WASHINGTON, DC—Hundreds of military and civilian acquisition workforce personnel received career counseling and advice at the U.S. Army Acquisition Support Center (USAASC) booth at the 2011 Association of the United States Army (AUSA) Annual Meeting and Exposition Oct. 10-12 in Washington, D.C. Career counselors answered questions covering a wide spectrum of topics, from entering the acquisition workforce to improving the chances of commanding.[image align="right" caption="Yves Jackson, USAASC Acquisition Career Manager, offered career advice at the USAASC booth during the 2011 AUSA Annual Meeting and Exposition. (Photo by McArthur Newell, BRTRC/USAASC.)" linkto="/web/wp-content/uploads/6254341207_8ccaaf7542_o.jpg" linktype="image"]“/web/wp-content/uploads/6254341207_8ccaaf7542_o.jpg” height=”167″width=”246″[/image]
“We are covering the gambit,” said LTC David Hosna, Chief, Acquisition Management Branch and Human Resources Command, Fort Knox, Ky. “By the end of the expo, we will have personally interviewed around 120 officers, which is phenomenal.”
The civilian counselors were also meeting with several workforce members.
“I’m thinking we’ve seen probably 40 or 50 people. Today [October 12] has been about 15 or more,” said Yves Jackson, Acquisition Career Manager for USAASC.
In addition to offering the advice to current members of the Army Acquisition Corps (AAC), counselors had the opportunity to speak to those outside of the acquisition workforce interested in joining.
“I brought assignment officers from the Majors, Lieutenant Colonel, and Colonel assignment desks to ensure that we have 100 percent coverage, given that we know how many people are here at AUSA. We wanted to maximize this as a target of opportunity,” said Hosna.
Hosna advised those interested in joining the acquisition career field to regularly read the Military Personnel Messages, which are quarterly messages providing the most up-to-date information to the military community. Personnel interested in transferring to the acquisition corps should also become familiar with the Voluntary Transfer Incentive Program, which is the Army’s primary branch transfer mechanism.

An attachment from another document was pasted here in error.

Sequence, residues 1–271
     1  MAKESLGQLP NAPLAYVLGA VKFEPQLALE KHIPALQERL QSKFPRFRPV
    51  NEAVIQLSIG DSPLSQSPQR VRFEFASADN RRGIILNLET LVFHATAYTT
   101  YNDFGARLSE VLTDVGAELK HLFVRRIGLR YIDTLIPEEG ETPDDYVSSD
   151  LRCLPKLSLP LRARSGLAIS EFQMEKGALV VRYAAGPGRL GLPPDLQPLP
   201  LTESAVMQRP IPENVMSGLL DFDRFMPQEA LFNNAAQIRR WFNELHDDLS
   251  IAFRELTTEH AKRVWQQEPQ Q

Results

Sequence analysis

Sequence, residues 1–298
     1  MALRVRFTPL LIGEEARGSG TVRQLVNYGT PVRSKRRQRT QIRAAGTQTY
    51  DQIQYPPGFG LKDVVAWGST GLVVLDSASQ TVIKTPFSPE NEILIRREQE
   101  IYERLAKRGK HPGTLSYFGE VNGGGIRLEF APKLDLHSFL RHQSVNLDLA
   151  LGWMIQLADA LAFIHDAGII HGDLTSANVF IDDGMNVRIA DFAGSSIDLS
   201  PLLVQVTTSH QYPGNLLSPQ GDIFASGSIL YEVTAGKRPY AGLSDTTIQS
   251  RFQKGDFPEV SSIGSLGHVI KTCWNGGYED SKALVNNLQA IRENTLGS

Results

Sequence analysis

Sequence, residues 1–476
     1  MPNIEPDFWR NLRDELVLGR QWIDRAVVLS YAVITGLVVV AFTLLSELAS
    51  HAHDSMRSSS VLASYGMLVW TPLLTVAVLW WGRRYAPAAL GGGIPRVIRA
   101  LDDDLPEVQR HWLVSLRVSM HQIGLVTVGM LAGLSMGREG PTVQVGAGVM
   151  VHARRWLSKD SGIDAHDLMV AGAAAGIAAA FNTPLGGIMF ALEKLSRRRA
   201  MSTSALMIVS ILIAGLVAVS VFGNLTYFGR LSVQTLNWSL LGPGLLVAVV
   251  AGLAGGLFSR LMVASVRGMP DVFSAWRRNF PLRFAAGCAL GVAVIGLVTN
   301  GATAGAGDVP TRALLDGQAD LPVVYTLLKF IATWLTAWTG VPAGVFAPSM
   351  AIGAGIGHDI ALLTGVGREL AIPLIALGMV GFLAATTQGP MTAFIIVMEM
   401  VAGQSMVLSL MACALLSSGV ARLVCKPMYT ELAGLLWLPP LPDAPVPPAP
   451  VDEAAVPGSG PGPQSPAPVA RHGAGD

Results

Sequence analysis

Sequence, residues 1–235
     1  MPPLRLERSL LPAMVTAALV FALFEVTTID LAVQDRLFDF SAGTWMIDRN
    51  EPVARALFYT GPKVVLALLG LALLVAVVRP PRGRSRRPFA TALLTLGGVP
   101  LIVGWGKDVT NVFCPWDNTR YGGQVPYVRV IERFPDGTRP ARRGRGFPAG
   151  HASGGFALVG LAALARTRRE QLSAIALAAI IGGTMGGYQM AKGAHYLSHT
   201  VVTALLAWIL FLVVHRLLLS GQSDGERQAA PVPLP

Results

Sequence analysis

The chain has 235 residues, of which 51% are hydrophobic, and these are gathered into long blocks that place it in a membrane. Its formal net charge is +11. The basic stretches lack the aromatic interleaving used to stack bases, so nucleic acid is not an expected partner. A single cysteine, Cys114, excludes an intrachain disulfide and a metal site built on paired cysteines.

For those who were not able to attend the AUSA Annual Meeting and Exposition and want career counseling and advice, both the military and civilian counselors are available at any time.
“We have a very aggressive travel and engagement plans within the regions that assignment officers cover. If any officer was unable to be here at AUSA, we will be throughout the regions doing a branch brief and then interviewing the officers. And they are always available for one-on-one counseling and mentorship by the phone,” said Hosna.
“We offer page on the website called ‘Ask an ACM.’ So, at any time at any point when they have questions that they need to ask, they can go there and we will answer them or email them back. We also have a help desk phone line that they can call for the same reason,” said Jackson.
The acquisition workforce management points of contact, including the “Ask an ACM” information, can be found at USAASC’s website at http://asc.army.mil/web/contact/poc/acquisition-workforce-management-pocs/.
- USAASC supports Army warfighter readiness by developing a world-class professional acquisition workforce, effectively acquiring and stewarding resources and providing customers with the best possible products and services. For more information about USAASC, visit http://asc.army.mil.